Stranger Things Season 4 Was Inspired By A Very Specific Star Wars Film

It's very apparent that "Stranger Things" is something of a potpourri of all the geeky pop culture stuff Matt and Ross Duffer love. You can see the Amblin influence clear as day and there are enough nods to the work of Stephen King to choke a rabid dog. So it shouldn't come as a surprise to learn that "Star Wars" also serves to inspire the storytelling of Netflix's biggest show. 

We're talking beyond a simple reference here, but ingrained storytelling influence. There's been plenty of "Star Wars" Easter eggs or references in the show over the years. The world fell in love with babysitter Steve engaging in a pretend lightsaber battle with Dustin while wearing his adorkable sailor boy ice cream slinger outfit in season 3, for instance. But what we're talking about here is deep, structural influence.

If you've seen "Stranger Things" season 4 you can probably guess which "Star Wars" film was the most influential. The central hero, who can move stuff with their mind, spends a good chunk of time training before rushing off to confront the bad guy before they're ready. The good guys lose, but escape with their lives. A crucial member of the group is essentially lost and needs to be recovered. 

You see where we're going here. Season 4 is "The Empire Strikes Back" season of "Stranger Things."

The heroes lose

The Duffers dove into the influence of "Empire" for Netflix Geeked. Here is Matt Duffer's exact words on the matter:

"I mean, this season, we always wanted our Empire Strikes Back season. We tried it a little bit with 3, but this is kind of really doubling down on the idea of, like, you know, at least 3 has a sad note. There's a sacrifice, but they've defeated the evil, or at least pushed it back for a while. Whereas this one, we wanted them to actually lose. And so we wanted our characters to experience what that felt like. And that was the big idea, really coming into season 3, right? Was that they were gonna lose, they were gonna introduce Vecna, and that they were gonna lose to him. That would be setting our characters up for war. What is gonna be the ultimate final confrontation with Vecna, with the Upside Down, which is gonna be Season 5."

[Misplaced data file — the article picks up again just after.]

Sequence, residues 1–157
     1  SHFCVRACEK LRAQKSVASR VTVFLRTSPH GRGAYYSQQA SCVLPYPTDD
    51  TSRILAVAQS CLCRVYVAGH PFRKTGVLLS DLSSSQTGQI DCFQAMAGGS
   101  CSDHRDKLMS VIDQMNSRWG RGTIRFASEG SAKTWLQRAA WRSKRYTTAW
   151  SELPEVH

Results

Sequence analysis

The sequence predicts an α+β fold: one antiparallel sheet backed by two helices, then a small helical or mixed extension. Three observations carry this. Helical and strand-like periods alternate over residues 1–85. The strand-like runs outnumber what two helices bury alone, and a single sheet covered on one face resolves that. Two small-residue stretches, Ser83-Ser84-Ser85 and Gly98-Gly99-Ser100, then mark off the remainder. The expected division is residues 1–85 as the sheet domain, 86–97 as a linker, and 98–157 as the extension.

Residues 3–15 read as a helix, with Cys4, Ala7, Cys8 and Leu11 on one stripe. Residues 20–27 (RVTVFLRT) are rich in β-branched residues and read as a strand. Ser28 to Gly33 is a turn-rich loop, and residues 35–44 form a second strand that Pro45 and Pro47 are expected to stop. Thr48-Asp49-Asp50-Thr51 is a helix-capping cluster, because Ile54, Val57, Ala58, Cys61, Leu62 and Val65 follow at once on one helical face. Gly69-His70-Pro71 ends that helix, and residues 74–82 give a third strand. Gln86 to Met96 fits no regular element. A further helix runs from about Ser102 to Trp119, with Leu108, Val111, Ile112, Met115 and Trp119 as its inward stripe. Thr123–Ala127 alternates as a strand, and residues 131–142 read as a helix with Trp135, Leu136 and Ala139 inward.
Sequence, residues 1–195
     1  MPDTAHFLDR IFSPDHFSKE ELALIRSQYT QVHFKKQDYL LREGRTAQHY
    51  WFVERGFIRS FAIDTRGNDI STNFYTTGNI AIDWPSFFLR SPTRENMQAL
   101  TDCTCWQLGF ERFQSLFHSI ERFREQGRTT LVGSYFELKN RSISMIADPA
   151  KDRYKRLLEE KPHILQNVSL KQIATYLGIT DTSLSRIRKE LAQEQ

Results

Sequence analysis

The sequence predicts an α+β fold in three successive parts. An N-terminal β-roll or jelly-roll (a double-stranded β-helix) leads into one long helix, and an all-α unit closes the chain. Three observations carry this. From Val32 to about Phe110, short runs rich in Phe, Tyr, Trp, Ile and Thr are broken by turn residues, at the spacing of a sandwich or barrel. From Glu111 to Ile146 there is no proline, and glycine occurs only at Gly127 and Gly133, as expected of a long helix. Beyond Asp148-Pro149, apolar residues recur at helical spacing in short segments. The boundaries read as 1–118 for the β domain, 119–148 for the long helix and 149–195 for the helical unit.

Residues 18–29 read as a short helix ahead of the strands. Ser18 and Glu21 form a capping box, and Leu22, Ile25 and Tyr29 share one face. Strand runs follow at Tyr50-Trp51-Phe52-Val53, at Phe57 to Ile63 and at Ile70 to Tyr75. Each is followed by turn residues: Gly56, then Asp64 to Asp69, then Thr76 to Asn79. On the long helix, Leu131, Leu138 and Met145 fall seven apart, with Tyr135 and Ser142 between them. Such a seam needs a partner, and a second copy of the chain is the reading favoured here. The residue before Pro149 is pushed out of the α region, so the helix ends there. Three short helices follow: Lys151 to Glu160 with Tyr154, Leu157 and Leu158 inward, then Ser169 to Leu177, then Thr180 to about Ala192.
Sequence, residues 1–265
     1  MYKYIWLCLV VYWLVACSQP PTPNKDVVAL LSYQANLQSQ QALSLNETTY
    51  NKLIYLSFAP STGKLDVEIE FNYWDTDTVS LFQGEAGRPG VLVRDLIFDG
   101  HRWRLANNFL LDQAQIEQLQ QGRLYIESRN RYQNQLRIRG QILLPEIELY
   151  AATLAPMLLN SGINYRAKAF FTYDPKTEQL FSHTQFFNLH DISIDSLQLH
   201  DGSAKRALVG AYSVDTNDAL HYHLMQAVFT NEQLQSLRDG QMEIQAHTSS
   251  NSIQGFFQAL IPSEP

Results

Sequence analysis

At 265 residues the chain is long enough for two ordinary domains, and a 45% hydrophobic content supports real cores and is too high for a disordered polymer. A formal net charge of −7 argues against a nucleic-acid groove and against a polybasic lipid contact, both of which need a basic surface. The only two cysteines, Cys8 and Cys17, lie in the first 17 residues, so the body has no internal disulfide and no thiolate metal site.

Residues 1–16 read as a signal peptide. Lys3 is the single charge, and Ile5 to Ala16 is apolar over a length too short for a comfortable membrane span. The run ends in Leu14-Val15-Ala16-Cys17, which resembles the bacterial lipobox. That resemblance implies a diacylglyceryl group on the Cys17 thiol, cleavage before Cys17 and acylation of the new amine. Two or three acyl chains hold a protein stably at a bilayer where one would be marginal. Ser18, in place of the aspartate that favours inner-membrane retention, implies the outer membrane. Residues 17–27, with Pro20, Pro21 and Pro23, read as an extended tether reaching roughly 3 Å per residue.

Listening to the Duffers talk, it's clear why their work goes beyond mere nostalgia porn. They don't just pay lip service to their geeky passions, they understand why their favorite movies, books, and shows worked in the first place on a storytelling level. The young leads of "Strangers Things" aren't exactly The Losers Club from "It" but they evoke the same feeling because the Duffers and their writing staff knows all the character flaws and strengths that King used to differentiate his kid protagonists and made sure to do the same with their young Hawkins heroes.

Lots of people try to emulate the "Empire Strikes Back" experience, very few understand why it works so well in serialized storytelling. Judging by the pop culture takeover "Stranger Things" has accomplished recently, it's safe to say the Duffers got it right.